Govt wakes up on black money issue after Supreme Court rap
A day after the Supreme Court criticized the Government for not revealing the list of people who have black money stashed away in foreign banks and called it theft of national money, the Prime Minister raised the issue in the Cabinet meeting and asked the Finance Minister to hold a press briefing and make the Government's stand clear on the issue.delhi Updated: Jan 20, 2011 16:13 IST
Prime Minister Manmohan Singh raised the issue of black money during a cabinet meeting in New Delhi on Thursday, a day after the Supreme Court queried why the government cannot name those involved in this $1.5-trillion "national plunder".
The discussion came against the backdrop of the apex court coming down heavily on the government's reluctance to provide full information on ill-gotten money stashed away by Indians in foreign banks.
Finance Minister Pranab Mukherjee, officials said, will hold a detailed briefing on the discussion soon.
The prime minister made it clear Wednesday that information on black money stashed in tax havens abroad cannot be made public as it would entail violation of India's treaty obligations with other countries and jurisdictions.
"The information will not be made public. It will be a violation of treaties," Manmohan Singh told reporters after initiating a cabinet reshuffle when asked about his stand on black money abroad.
"There is no instant solution to bring back what is called black money. We have got some information and that has been provided to us for use in the collection of taxes."
The matter had come up before the apex court after noted lawyer Ram Jethamalani sought directions to the union government to act upon a report that Germany was willing to share details of Indians having accounts in banks based in Liechtenstein.
Jethamalani wanted the directions to be given to the government to bring back such ill-gotten money, estimated at a whopping $1.5 trillion - nearly one-and-a-half times India's gross domestic product - put away in foreign banks by Indians.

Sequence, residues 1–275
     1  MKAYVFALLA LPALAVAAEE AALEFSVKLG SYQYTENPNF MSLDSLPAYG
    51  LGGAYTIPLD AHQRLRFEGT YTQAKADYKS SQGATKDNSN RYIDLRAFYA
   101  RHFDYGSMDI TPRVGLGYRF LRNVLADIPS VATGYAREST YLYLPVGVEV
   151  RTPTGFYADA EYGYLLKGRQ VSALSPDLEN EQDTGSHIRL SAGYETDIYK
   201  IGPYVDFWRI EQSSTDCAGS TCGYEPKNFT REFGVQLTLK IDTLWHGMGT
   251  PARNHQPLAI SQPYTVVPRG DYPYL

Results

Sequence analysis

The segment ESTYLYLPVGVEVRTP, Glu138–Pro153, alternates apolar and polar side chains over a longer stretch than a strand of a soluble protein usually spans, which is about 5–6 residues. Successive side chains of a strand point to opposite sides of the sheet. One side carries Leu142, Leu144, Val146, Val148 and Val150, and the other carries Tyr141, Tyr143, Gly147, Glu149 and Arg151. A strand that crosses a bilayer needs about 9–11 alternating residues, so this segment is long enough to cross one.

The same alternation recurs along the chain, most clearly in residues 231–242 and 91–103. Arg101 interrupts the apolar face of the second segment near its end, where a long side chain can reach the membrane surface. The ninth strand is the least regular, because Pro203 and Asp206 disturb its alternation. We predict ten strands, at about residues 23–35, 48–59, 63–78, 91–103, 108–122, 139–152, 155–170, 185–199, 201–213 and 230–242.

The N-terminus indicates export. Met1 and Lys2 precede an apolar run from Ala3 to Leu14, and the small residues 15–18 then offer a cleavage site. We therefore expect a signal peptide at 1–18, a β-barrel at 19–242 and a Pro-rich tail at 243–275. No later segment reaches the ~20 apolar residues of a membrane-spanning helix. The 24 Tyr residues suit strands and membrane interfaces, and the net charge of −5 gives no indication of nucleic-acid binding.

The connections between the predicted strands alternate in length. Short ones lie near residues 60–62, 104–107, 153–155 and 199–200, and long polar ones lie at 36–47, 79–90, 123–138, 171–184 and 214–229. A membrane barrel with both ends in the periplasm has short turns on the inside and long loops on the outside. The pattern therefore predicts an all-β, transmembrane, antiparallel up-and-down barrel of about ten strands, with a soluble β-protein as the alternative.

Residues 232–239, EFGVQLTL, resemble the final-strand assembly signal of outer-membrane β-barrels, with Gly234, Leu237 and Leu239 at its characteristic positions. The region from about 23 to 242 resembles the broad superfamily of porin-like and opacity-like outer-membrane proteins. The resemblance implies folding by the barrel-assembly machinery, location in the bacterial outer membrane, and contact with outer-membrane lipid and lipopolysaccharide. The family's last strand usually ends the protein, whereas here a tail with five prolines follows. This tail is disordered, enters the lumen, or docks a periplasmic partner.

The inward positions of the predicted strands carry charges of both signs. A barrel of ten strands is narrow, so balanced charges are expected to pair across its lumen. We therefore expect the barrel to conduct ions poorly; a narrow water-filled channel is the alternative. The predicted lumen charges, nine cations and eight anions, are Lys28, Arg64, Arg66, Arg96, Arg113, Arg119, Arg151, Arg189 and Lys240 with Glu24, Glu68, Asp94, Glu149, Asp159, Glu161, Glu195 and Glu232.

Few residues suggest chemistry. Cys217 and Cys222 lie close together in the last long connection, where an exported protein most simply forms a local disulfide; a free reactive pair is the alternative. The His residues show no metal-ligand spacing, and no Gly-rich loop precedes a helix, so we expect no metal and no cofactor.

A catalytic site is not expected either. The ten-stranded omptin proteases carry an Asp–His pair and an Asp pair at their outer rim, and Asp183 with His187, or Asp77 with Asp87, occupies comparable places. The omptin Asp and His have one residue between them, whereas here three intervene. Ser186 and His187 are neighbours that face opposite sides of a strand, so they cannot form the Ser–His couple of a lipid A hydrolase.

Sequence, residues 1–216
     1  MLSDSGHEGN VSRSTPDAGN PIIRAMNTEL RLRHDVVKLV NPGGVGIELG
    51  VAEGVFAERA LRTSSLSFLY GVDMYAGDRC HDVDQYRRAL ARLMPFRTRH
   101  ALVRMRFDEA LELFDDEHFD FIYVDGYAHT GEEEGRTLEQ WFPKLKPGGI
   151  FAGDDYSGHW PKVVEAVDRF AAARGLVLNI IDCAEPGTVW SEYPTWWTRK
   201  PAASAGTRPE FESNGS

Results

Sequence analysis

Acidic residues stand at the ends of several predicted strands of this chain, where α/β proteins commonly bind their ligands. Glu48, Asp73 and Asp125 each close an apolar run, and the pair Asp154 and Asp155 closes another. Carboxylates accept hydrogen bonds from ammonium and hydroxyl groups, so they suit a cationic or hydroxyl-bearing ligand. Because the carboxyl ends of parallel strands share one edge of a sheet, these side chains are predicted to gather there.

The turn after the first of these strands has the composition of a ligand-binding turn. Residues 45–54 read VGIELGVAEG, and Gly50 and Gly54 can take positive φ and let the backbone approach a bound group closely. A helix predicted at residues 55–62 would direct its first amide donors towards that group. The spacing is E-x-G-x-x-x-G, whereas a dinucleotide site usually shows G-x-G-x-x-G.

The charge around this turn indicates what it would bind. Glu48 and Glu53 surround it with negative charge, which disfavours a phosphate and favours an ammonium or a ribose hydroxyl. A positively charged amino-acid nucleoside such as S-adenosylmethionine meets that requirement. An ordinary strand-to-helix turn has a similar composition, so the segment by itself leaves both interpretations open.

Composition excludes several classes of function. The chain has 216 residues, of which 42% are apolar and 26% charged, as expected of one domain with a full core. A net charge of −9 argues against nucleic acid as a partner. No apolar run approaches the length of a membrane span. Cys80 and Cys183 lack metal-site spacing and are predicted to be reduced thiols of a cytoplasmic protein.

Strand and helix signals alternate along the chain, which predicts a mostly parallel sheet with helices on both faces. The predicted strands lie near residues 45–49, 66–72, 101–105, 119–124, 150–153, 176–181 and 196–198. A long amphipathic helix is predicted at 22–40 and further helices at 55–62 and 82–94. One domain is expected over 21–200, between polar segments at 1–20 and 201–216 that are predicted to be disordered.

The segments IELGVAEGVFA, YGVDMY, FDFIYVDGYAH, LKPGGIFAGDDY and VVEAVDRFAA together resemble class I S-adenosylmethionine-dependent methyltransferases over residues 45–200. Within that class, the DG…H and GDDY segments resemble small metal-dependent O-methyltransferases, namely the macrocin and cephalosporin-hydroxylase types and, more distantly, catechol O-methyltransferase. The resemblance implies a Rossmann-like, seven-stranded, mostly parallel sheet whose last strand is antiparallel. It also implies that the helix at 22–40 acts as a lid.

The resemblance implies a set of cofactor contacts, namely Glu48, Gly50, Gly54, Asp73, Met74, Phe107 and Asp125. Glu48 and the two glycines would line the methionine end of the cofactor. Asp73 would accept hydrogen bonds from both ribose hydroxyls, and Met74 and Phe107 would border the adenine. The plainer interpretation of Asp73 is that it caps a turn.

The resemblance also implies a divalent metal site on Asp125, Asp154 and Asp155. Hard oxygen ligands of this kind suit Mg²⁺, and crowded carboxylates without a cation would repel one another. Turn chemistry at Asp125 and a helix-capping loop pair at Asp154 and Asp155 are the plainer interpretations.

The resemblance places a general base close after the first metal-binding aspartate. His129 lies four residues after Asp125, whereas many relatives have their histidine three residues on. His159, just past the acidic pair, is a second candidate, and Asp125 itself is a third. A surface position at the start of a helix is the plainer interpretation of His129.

"It is not a case of tax. The issue involved is of serious nature. Keep aside all the things. Let us consider the persons named," said the apex court bench of Justice B. Sudarshan Reddy and Justice S.S.Nijjar.
The finance ministry in its status report during last hearing of the case said there were 12 trusts owned by 26 tax assesses, which even include non-residrnt Indians, that hold accounts in the Swiss and German banks in Liechtenstein.
There are 15 banks in Liechtenstein, of which seven are Swiss-owned. The principality, with an area of about 160 sq km, is surrounded by Switzerland and Austria and has a total population of 67,000 people.
Mukherjee had maintained in the past that India has followed the guidelines laid down by the Organisation of Economic Cooperation and Development (OECD) and signed independent treaties with a host of countries and territories.
He has also said these treaties were meant to share information on illegal transfers, often referred to as black money, but cannot be disclosed even to parliament, let alone the Directorate of Enforcement because of the secrecy code.
Bharatiya Janata Party (BJP) president Nitin Gadkari has said the union government's reluctance to disclose the names of Indians with ill-gotten money parked abroad raised suspicions about it and the government should make the names public.